Marsden Hartley, Gail R. Scott (1988)
Painted book cover with interpretation of Mardsen Hartley’s “Robinhood Cove” (1938).
Painting the natural world extends so many wonderous experiences of connectivity while, at the same time, reminds that it’s fundamental concern is one of disjunction and disruption. At the threshold between those forces of an observed reality and the resolution of an invented world are infinite arrangements and possibilities for painting, and clues to the enduring modern puzzle of figuration and abstraction. Hartley is one of our artist forebears who puzzled over similar concerns. Here, I've painted my own version of Marsden Hartley’s Robinhood Cove (1938) over a monograph of his collected works from the 1980s. The “Re-cover" project became a vehicle of both connection (earlier this summer I went to Robinhood Cove in Georgetown, Maine to work), and, more significantly, of disruption—only part of Hartley’s name remains visible on the spine of the otherwise permanently closed book.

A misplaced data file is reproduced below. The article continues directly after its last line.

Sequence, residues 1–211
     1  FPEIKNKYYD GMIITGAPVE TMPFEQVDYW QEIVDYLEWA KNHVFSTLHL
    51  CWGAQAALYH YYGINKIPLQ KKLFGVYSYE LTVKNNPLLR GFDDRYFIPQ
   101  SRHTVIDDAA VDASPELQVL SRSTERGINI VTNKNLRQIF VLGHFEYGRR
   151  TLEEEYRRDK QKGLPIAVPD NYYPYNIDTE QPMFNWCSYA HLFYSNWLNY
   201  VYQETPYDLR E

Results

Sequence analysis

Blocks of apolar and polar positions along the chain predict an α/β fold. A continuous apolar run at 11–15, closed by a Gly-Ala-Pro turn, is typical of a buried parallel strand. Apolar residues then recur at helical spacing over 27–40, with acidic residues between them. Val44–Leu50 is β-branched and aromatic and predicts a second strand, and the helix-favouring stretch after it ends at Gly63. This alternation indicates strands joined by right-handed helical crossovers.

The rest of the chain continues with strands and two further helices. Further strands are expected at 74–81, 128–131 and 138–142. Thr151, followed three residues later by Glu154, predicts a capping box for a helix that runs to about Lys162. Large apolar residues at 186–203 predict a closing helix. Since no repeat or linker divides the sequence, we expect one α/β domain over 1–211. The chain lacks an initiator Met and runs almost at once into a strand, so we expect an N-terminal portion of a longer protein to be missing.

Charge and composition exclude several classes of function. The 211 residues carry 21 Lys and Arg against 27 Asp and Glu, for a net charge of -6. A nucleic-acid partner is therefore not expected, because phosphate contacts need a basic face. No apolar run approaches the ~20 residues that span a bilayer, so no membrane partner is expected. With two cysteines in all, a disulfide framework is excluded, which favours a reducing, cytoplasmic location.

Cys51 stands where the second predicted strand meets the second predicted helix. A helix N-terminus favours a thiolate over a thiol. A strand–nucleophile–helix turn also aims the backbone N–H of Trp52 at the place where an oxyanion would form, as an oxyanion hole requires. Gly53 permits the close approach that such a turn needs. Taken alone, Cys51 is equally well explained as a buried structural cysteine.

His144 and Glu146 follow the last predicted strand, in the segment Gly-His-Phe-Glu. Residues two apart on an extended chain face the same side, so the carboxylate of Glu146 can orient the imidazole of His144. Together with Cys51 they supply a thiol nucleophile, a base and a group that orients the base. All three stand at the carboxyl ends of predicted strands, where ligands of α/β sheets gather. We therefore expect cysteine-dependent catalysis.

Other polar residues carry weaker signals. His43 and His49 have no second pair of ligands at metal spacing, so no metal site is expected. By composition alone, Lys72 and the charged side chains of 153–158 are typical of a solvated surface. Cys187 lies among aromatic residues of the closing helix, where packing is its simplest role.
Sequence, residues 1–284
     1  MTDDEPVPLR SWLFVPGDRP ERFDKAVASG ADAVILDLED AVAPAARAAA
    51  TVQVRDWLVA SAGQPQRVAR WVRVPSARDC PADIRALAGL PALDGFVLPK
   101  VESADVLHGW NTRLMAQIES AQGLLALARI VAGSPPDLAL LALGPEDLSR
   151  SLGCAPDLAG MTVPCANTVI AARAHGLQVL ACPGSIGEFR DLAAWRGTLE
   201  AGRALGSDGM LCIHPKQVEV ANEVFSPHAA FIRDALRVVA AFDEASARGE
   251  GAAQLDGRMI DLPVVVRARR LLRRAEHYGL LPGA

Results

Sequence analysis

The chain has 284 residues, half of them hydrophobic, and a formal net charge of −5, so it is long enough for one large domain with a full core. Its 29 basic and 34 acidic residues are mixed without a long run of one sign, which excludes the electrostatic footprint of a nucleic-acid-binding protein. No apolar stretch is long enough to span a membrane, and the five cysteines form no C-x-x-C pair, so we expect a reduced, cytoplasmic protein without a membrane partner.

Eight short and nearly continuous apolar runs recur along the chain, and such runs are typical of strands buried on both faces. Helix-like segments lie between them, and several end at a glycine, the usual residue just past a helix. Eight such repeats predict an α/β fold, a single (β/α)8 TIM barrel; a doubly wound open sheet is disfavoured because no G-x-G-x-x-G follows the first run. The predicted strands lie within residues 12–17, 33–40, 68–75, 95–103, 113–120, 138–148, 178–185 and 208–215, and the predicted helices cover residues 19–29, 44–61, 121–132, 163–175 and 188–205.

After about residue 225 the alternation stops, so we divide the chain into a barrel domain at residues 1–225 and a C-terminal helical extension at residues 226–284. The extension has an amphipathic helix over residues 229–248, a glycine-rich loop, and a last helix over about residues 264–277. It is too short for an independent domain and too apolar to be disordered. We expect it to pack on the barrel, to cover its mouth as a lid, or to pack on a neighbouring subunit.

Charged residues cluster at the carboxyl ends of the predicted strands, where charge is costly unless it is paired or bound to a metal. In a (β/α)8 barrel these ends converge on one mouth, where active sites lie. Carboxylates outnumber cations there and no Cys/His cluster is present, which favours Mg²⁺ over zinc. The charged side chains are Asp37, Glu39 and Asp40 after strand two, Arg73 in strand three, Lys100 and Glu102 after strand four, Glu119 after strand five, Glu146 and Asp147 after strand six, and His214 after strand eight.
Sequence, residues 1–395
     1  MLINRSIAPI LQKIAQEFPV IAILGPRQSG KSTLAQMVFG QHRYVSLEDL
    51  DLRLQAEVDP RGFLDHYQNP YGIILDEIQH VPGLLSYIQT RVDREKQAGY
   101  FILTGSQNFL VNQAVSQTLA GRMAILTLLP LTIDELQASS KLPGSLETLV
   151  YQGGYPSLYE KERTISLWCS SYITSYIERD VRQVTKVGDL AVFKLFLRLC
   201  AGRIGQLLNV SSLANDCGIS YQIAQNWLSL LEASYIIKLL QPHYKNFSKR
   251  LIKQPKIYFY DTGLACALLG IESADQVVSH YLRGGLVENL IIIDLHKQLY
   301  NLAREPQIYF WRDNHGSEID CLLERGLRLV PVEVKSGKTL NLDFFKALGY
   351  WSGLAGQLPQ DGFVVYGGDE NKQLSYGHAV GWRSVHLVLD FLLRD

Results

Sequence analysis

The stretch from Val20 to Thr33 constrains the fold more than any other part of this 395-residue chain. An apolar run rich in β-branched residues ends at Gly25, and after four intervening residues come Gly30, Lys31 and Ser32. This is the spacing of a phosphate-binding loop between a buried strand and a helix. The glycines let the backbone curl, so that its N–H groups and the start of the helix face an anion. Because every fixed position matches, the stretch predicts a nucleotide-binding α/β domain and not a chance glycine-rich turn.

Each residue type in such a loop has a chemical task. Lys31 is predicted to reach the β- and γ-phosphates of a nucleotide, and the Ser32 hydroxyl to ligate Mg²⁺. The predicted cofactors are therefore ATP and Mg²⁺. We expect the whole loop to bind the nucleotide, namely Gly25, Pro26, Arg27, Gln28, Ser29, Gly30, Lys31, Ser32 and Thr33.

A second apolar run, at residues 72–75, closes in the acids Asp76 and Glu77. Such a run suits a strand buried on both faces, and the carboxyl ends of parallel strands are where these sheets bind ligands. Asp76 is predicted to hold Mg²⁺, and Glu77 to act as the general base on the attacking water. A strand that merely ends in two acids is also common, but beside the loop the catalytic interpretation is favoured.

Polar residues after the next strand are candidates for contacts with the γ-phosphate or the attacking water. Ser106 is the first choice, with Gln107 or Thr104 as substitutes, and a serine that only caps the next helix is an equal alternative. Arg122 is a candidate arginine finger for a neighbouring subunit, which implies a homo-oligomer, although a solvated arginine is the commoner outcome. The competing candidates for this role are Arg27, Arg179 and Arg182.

Eric Aho was born in Melrose, Massachusetts in 1966 and grew up in rural New Hampshire. Aho joins historical research, personal inquiry, and a close reading of the landscape together with delight in experiencing the natural world reinvigorating what it means to paint the landscape today. Aho lives and works in Saxtons River, Vermont; DC Moore Gallery in New York represents his work. On most days he walks with Elli the dog to the studio on the other side of the village.